The church of Santa Maria Nova, also known as Santa Francesca Romana, started life as an oratory. It was built during the reign of Pope Paul I (r. 757-67) in part of the ancient Temple of Venus and Roma.
By the end of the 10th century the oratory had been rebuilt as a church. It was called Santa Maria Nova to distinguish it from another church in the Forum dedicated to the Virgin Mary, Santa Maria Antiqua, which had fallen into ruin. Santa Maria Nova was rebuilt during the reign of Pope Honorius III (r. 1216-27), who added the bell tower and the beautiful mosaic in the apse. In the mosaic, the Virgin and Child are flanked by St Peter and St Andrew (right) and St John and St James.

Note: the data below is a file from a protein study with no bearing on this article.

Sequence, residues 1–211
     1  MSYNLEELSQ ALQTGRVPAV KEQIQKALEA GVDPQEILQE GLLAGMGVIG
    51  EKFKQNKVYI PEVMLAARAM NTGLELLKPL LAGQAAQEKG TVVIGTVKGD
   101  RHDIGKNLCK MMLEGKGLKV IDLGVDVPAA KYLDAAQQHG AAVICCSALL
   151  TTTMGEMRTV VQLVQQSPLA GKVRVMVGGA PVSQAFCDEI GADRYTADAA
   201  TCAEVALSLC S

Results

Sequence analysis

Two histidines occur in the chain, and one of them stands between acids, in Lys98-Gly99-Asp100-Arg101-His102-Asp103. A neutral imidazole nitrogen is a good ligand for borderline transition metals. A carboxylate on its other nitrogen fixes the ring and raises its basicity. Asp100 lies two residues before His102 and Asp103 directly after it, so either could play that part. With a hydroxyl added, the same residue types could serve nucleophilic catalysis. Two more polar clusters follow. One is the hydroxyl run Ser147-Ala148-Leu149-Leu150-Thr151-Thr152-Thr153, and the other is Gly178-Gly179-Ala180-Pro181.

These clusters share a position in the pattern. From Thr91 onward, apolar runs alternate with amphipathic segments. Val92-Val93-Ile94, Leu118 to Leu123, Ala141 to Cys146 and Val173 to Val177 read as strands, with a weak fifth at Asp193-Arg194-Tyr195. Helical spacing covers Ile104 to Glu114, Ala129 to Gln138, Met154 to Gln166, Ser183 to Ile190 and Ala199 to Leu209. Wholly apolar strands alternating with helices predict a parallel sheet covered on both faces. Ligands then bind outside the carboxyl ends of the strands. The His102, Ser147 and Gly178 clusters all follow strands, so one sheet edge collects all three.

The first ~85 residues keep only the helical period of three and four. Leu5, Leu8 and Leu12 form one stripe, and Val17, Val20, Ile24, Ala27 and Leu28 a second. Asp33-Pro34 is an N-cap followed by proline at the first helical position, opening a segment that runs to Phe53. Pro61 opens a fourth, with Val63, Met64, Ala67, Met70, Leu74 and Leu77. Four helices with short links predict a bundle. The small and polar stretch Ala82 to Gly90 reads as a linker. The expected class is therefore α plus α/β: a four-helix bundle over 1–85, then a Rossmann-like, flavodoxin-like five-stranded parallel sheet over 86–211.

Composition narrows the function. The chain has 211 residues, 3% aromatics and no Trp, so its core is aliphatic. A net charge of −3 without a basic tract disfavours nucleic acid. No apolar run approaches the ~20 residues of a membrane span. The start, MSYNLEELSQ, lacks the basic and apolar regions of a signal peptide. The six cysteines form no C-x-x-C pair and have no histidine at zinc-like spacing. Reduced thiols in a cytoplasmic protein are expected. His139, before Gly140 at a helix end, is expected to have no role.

In 1440 Francesca Bussa de' Leoni, a wealthy Roman noblewoman, who, in 1425, founded the Olivetan Oblates of Mary, was interred in Santa Maria Nova. Following her canonisation, on May 29th, 1608, the interior of the church was remodelled by Carlo Lombardi (1559-1620), who also designed and built the porch and façade.
The relics of Santa Francesca Romana are to be found in the crypt. In 1925 Pope Pius XI (r. 1922-39) declared her to be the patron saint of car drivers.
The painter Gentile da Fabriano (c. 1370-1427) is also interred in the church. However, no trace of his burial place remains.